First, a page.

The [Friday] Papers
More on school closings to come. For now, let's catch up with parking privatization for a change of pace.
Meter Madness, Money And Mara
"Former Mayor Richard M. Daley's staff was aware of major problems with the city's parking-meter privatization deal in 2010 - a year and a half before the costly issues publicly surfaced, according to hundreds of pages of documents released Wednesday by Mayor Rahm Emanuel's administration," the Sun-Times reported on Thursday.
"The documents detail behind-the-scenes sparring between City Hall - under Daley and Emanuel - and Chicago Parking Meters LLC before Emanuel struck a deal last month with the meter company."
The fight was over those with disability placards parking for free at meters. But the biggest eye-opener in the documents to me was this:
The newly released documents also show the meter company paid former Daley press secretary Avis LaVelle's public relations firm $518,246 between 2009 and 2012.
Also, this reminder:
The law firm of Katten Muchin Rosenman, where Daley now is employed, worked for the city on drafting the parking-meter deal.
And as expected:
A spokeswoman for Daley could not be reached Wednesday for comment.
Meanwhile, Crain's ran a puffball interview with former Daley consigliere Mara Georges earlier this month in which she stated "It was a good decision in that I think it was the responsible way to raise much-needed revenue."
And where does Georges work now? Daley & Georges.
I bet she gets free parking.
Meanwhile, in other privatization matters . . .
"Mayor Rahm Emanuel's administration went to court Thursday to try to knock tens of millions of dollars off the nearly $58 million tab it owes to the private company that operates four city-owned parking garages," the Sun-Times reports today.
"A panel of independent arbitrators found earlier this year that former Mayor Richard M. Daley 's administration violated the city's 99-year, $563 million deal with Chicago Loop Parking LLC when it allowed a competing public garage to open in the new Aqua building downtown on North Columbus Drive.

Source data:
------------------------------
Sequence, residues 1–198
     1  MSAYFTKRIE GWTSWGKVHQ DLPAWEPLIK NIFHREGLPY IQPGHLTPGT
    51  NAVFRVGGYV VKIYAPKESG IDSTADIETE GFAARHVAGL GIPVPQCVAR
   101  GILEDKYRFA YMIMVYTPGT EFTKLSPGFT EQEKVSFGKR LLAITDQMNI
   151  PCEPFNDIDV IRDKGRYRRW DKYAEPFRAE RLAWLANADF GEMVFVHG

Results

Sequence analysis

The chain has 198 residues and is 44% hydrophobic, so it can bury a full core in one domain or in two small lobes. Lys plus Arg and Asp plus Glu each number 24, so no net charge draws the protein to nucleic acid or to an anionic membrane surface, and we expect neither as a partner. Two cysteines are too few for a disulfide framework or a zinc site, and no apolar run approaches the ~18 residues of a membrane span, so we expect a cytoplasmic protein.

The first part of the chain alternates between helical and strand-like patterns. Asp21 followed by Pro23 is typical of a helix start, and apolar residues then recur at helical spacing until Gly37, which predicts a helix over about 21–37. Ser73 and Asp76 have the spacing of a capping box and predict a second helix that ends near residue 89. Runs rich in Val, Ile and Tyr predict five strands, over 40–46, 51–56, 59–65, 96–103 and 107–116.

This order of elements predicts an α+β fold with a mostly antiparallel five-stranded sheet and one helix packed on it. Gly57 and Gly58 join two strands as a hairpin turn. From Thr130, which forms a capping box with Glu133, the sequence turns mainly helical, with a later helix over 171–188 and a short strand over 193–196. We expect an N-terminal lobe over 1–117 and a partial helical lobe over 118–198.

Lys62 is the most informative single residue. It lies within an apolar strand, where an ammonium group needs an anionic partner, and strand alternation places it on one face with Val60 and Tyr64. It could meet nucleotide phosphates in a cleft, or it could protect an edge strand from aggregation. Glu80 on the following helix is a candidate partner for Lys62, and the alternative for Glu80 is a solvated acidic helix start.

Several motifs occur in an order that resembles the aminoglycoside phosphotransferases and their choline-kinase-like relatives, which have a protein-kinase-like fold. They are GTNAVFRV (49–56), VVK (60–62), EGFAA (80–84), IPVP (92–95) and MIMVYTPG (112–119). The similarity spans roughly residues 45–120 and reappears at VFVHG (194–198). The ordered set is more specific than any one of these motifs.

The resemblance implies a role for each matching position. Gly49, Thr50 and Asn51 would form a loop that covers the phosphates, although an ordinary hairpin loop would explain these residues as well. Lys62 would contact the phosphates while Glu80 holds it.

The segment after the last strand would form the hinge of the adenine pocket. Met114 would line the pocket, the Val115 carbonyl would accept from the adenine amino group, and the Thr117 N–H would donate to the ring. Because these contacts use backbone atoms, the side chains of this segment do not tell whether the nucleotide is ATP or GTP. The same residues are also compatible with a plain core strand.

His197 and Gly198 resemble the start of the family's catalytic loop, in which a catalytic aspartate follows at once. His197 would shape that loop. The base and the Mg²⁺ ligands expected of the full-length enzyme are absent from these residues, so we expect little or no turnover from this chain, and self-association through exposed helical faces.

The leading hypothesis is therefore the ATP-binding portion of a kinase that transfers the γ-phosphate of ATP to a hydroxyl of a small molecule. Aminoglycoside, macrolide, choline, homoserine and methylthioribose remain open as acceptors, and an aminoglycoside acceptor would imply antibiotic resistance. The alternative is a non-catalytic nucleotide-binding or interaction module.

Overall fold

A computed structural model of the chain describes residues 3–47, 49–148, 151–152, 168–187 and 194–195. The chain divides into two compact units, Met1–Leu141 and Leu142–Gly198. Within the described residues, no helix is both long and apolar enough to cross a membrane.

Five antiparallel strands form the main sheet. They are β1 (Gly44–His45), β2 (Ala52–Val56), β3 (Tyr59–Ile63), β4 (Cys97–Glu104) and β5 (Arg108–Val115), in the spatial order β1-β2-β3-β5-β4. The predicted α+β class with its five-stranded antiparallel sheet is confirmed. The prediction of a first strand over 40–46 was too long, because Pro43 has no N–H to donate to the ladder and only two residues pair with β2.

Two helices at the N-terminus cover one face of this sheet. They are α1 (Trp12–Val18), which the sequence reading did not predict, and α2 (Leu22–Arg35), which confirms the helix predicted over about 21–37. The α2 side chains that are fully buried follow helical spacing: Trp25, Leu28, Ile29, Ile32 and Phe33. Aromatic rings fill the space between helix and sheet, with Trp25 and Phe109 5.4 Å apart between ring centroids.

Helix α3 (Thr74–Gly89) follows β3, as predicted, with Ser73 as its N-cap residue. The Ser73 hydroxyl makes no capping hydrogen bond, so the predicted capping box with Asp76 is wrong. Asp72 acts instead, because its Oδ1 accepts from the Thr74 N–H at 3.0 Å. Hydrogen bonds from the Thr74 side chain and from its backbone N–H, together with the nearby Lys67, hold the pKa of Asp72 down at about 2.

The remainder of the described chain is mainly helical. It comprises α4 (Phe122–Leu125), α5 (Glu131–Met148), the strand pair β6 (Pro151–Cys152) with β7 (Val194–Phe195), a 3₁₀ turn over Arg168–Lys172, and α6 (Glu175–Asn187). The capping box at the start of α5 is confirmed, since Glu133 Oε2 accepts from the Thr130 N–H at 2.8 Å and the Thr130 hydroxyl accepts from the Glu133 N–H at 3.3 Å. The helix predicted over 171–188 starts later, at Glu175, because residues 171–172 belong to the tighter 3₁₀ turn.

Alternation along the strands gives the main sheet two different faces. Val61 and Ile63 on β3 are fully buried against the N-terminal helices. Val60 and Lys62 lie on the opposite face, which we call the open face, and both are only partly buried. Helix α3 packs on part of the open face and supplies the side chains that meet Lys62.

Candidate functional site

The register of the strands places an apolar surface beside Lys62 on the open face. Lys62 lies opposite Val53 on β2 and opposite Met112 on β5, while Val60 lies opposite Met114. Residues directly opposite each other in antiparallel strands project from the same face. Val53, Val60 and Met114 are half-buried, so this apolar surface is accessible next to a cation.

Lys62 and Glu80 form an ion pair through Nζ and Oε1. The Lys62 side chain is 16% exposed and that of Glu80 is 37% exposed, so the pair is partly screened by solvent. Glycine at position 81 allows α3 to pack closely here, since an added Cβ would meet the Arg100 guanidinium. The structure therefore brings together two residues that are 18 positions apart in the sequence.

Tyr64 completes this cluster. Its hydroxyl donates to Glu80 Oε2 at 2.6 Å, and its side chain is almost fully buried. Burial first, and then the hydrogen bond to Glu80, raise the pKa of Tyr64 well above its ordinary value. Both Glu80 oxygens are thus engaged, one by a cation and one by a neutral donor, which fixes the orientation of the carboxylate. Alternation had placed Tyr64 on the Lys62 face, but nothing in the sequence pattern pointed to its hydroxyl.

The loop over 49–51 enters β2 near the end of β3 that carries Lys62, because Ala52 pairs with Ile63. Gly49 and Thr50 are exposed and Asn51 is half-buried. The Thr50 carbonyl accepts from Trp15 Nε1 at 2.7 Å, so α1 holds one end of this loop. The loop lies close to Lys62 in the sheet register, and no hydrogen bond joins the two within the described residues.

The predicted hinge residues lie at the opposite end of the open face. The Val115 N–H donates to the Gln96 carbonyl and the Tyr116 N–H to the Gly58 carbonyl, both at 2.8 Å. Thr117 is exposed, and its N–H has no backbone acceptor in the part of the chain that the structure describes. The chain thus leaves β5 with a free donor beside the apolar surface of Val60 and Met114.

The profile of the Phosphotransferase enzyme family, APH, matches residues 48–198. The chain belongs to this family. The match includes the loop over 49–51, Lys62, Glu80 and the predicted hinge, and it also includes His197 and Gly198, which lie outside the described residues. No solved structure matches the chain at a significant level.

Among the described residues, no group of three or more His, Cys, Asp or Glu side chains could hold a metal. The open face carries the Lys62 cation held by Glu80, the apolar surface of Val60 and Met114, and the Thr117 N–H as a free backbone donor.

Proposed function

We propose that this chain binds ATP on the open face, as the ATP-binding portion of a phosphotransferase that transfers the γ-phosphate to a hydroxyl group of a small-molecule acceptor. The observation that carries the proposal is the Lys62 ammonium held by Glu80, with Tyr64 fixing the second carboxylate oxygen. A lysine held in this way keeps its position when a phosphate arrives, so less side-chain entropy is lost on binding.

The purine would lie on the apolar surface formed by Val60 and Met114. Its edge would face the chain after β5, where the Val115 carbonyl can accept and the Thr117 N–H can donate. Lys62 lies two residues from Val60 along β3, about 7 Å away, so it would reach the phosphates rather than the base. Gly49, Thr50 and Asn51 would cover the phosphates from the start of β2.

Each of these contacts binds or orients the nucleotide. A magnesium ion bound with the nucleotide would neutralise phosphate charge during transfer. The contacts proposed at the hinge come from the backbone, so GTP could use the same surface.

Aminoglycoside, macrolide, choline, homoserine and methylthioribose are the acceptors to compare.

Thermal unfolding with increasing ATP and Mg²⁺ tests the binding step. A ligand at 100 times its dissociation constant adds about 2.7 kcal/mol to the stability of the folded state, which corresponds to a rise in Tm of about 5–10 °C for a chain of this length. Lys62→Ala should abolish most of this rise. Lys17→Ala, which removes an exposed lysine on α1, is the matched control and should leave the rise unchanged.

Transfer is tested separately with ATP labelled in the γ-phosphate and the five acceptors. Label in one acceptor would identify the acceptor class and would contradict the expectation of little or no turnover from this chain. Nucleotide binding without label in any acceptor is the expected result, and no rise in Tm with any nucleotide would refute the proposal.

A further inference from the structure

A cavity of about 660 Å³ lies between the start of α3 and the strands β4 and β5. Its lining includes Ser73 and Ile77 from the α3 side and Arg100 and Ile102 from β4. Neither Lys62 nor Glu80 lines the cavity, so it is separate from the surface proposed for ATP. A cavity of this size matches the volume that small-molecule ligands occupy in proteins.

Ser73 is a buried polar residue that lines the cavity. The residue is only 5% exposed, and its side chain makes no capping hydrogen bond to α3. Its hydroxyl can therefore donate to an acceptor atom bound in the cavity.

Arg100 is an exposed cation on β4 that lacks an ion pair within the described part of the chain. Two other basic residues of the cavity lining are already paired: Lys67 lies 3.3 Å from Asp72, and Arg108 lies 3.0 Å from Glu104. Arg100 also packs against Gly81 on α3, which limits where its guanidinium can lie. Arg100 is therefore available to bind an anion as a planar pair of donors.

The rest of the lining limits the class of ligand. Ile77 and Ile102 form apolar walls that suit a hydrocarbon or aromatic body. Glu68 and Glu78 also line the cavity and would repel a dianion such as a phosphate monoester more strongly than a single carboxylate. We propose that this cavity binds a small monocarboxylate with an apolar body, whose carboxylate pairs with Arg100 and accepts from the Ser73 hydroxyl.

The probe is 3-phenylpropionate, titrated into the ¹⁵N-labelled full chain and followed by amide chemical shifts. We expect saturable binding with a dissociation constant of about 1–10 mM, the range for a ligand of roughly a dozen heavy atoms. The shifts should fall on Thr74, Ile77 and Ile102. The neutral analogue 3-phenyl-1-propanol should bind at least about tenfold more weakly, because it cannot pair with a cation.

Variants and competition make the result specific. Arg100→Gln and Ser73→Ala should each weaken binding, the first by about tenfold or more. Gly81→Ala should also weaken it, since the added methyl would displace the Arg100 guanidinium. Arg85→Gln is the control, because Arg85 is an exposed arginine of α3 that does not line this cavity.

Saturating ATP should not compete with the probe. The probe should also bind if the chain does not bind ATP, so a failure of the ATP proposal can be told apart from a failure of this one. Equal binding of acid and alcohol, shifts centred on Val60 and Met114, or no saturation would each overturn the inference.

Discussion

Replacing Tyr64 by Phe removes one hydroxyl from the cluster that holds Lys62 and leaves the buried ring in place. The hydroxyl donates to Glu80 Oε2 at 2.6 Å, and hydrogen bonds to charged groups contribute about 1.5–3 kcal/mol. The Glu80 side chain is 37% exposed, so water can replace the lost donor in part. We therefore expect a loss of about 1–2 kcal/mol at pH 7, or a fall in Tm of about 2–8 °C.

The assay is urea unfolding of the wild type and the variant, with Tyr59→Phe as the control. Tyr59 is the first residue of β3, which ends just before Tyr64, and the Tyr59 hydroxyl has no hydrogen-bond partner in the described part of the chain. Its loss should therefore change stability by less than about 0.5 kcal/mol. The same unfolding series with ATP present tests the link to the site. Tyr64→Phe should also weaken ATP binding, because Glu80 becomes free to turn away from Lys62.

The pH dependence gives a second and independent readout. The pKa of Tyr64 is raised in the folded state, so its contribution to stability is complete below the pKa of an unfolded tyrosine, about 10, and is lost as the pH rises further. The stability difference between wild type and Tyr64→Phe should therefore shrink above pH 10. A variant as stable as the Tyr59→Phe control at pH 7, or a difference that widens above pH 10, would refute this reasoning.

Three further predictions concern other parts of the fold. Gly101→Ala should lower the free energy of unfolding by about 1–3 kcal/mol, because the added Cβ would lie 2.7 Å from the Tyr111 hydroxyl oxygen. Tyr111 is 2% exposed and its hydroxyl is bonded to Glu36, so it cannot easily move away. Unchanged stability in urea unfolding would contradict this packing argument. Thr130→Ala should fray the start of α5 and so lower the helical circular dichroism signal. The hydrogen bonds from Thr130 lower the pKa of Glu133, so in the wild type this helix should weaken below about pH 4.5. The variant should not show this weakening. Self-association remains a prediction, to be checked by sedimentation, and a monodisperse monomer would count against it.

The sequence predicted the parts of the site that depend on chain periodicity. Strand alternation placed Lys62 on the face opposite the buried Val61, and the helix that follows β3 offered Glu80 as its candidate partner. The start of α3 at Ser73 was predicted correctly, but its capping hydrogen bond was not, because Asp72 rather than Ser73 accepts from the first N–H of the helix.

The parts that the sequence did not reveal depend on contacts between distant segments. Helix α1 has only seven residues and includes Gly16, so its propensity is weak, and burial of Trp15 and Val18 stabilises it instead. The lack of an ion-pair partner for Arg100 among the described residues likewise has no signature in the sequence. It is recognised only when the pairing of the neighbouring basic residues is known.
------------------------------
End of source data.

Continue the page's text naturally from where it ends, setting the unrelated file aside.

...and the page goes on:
"Now, in a lawsuit filed in Cook County Circuit Court, the Emanuel administration argues that the parking-garage company is no longer entitled to the entire $57.8 million arbitration award, even though the 2006 privatization deal says such rulings 'shall be final and binding.'"
Maybe Rahm should sue Katten Muchin Rosenman, Daley and Georges for damages instead.
The [Mara Georges] Papers:
June 15, 2006:
Not a good day for Mara Georges, who as corporation counsel is the city's top lawyer. Georges is also a Mayor Daley loyalist who has been on the stand for a couple days in the ongoing City Hall job-rigging corruption trial. On Wednesday, defense lawyer Thomas Anthony Durkin questioned her about the city's hiring of Andy Ryan, a 19-year-old son of a union official, as a building inspector.
"During cross-examination on Wednesday, Georges did not directly respond when Durkin asked whether she knew if Intergovernmental Affairs played a role in Ryan's hiring," the Tribune's account reports.